Tuesday, March 23, 2010

Rabbi `Oḅadyah Maimūnī on Reason, Purity and the Mitzvōt

Were an individual to remain steadfast and persevere continuously until he achieved this state, then the phenomena that were previously concealed from him and others, would be revealed to him. Reason’s will shall strengthen and reveal that which is inscribed on the Tablet (al-lawḥ) Divine visions will be manifested to him without his knowing whence they came. He will walk by the light of his intellect, directed by its guidance. So take heed of your soul and safeguard its form, for the former has no lasting beatitude unless accompanied by Reason... [Like Moses taught the tribes] imparting to each individual in accordance with his capacity of understanding; this is similar to the manner in which reason itself proceeds [with us]. Chapter 6

Know that prolonged consumption of harmful foodstuffs causes acute ailments... Likewise a man who neglects his soul, abandoning it to its illness through his indulgence in worldly affairs, spending night and day buying and selling and so forth, will have nothing but fearful and alarming dreams upon retiring to sleep... It is for this reason that our pure and purifying Law has cautioned us concerning all external and internal defilement. The former, such as menstruation and nocturnal emission, are to be cleansed through immersion in a miqvah. Thus, Aaron and his descendants were enjoined “to wash their hands and feet, that they do not perish” (Ex. 30.21) this being the reason for the act of purification. For through the conviction man’s soul acquires after immersion that all veils, as it were, have been lifted, there ensues a state similar to spiritual predisposition (tahayyu’) and communion (ittiṣāl) with God. If not in need of immersion, then one must carry out the ablution of the hands and feet in order that the natural heat circulates in the body and arouse thereby the soul... “Say not v’neṭme’tem and (you shall become defiled) but v’niṭamṭem (and you shall become feeble-minded). (Yōmā’ 39a) Chapter 7.49-51, 53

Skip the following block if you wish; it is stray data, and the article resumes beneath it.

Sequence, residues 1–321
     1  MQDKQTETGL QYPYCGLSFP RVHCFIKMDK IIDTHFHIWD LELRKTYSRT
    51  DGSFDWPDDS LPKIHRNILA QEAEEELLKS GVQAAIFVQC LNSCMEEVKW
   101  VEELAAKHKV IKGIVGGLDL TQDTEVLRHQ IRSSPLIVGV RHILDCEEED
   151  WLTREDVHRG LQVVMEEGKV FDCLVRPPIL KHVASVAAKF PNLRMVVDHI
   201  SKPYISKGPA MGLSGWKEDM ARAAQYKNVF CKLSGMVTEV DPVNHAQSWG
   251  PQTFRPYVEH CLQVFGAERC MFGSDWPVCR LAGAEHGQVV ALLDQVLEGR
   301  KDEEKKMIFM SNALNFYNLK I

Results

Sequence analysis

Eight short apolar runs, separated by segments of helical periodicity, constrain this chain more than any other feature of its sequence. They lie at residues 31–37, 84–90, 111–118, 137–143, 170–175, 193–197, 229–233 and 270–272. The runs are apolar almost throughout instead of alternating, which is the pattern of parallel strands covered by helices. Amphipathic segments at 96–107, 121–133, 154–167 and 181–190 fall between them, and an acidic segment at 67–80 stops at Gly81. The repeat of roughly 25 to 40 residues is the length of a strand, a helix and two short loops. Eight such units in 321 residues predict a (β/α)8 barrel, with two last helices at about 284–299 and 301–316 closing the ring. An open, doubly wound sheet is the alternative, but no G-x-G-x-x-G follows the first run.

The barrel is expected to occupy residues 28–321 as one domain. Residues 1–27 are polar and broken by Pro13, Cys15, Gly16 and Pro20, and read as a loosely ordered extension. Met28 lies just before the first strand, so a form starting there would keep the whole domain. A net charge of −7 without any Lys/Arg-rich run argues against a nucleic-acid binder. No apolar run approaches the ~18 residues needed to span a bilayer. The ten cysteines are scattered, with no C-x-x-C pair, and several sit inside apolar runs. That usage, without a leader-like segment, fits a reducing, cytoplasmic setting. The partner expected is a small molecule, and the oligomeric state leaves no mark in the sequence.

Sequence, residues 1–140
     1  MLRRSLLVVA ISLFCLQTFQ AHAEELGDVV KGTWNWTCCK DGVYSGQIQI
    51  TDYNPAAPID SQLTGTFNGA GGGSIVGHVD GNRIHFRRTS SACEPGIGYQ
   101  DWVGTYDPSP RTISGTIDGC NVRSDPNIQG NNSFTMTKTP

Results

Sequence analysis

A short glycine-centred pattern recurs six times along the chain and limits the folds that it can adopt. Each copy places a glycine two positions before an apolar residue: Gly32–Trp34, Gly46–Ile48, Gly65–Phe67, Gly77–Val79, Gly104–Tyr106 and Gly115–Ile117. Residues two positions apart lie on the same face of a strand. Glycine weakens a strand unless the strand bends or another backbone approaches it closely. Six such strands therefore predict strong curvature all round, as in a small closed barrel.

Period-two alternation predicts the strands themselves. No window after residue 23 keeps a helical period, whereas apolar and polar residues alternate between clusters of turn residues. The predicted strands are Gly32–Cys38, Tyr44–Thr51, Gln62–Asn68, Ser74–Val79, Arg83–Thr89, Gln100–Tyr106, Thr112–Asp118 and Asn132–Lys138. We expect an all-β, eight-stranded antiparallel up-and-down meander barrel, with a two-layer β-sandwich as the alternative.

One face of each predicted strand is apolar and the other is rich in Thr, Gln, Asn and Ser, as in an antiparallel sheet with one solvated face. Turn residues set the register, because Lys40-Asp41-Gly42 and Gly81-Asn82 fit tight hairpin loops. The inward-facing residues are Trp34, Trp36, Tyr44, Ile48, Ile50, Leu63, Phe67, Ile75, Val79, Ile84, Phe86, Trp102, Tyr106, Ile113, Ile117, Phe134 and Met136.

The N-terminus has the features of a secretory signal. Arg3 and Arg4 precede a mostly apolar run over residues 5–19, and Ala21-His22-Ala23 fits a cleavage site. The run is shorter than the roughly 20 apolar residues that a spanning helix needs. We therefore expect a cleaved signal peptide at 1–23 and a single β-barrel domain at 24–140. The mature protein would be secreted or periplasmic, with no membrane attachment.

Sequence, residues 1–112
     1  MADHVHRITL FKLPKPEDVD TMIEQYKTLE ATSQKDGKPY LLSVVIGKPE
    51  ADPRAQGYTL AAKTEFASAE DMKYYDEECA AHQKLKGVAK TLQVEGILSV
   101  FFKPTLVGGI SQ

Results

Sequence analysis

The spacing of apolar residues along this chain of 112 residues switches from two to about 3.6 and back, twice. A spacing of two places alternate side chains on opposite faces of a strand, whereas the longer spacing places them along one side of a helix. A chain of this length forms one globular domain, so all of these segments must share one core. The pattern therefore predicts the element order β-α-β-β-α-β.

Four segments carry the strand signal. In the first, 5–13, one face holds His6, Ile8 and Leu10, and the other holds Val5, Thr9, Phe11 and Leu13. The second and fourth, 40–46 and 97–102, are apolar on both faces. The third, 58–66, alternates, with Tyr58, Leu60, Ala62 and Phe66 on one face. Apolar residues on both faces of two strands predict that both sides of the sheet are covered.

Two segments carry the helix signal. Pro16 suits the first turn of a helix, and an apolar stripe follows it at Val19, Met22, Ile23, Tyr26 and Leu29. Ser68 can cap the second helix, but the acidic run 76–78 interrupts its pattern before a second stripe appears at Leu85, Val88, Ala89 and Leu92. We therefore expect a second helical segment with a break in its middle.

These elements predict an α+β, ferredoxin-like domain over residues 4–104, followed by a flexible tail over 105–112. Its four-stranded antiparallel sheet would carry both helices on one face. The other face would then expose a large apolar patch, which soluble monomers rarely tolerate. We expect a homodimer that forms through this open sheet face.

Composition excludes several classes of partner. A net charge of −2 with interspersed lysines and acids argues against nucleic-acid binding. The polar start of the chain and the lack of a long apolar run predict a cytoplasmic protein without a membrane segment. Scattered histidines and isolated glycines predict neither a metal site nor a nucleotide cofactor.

In a similar spirit, other prohibitions have been instituted by the religious law in order to restrain man’s lust and keep him from resembling the beast. Among these rank the class of forbidden unions and those not legitimately contracted... Also belong to this group the precept of circumcision which is carried out on the physical organ through which marriage is consummated. As for the commandments concerning the wearing of tzītzīt and tefilīn and the fixing of an inscription to the mezūzah, they were instituted in order to remind the soul at the moments of inadvertence of its purpose and it is said concerning the tzītzīt, “That you may look upon it and remember all the mitzvōt of YHVH’. (Num. 15.39)... Hence it behooves the wise man not to ascend to a state which is too elevated for him but to be aware of the extent of his soul’s (capacity) and advance gradually, as is the wont of nature, which assimilates things progressively... be heedful of your soul, so that when you far upon the Path, you will be free of fear, “For the ground upon which you stand is holy” (Ex. 3.5) Mark these my words.” Chapter 5

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